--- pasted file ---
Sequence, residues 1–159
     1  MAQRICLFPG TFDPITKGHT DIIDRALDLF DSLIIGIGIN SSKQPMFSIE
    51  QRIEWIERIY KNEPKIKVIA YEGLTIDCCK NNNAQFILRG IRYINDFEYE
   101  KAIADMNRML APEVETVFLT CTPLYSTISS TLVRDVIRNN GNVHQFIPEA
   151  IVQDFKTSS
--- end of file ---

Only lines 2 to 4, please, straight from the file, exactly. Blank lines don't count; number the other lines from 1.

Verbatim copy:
     1  MAQRICLFPG TFDPITKGHT DIIDRALDLF DSLIIGIGIN SSKQPMFSIE
    51  QRIEWIERIY KNEPKIKVIA YEGLTIDCCK NNNAQFILRG IRYINDFEYE
   101  KAIADMNRML APEVETVFLT CTPLYSTISS TLVRDVIRNN GNVHQFIPEA